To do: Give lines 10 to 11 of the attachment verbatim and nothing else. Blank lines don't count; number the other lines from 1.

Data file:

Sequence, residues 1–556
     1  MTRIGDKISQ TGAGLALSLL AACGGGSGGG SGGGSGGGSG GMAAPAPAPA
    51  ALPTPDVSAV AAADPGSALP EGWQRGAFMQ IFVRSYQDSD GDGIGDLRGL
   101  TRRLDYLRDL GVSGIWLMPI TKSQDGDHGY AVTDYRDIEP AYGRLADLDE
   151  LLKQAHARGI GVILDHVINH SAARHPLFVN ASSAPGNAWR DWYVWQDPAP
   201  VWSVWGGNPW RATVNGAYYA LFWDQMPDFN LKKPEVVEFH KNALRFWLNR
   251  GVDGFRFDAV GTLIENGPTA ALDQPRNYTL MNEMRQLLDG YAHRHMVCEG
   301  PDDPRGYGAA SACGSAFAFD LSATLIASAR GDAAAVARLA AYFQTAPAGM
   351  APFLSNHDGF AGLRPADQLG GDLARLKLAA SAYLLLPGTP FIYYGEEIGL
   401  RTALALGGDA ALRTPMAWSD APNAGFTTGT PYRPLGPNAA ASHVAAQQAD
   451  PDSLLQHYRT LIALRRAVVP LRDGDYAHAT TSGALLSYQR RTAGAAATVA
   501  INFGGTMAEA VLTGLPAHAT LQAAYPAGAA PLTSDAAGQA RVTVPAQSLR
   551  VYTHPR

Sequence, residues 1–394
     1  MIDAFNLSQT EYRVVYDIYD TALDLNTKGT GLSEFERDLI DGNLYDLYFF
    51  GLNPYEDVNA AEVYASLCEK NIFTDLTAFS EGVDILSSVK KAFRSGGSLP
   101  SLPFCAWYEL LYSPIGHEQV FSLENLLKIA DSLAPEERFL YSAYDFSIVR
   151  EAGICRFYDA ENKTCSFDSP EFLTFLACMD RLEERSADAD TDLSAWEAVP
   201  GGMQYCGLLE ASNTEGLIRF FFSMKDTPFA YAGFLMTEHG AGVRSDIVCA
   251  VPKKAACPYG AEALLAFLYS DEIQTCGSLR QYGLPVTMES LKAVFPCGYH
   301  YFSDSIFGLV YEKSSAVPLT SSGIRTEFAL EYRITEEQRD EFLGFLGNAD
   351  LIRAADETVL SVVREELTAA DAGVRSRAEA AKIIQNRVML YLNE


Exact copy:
   401  RTALALGGDA ALRTPMAWSD APNAGFTTGT PYRPLGPNAA ASHVAAQQAD
   451  PDSLLQHYRT LIALRRAVVP LRDGDYAHAT TSGALLSYQR RTAGAAATVA